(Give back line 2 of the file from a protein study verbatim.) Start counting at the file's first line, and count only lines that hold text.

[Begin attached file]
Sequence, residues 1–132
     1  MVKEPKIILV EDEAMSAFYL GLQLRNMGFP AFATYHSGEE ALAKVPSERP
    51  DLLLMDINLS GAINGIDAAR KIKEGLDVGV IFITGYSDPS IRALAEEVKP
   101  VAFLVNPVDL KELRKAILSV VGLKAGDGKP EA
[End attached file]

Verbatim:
     1  MVKEPKIILV EDEAMSAFYL GLQLRNMGFP AFATYHSGEE ALAKVPSERP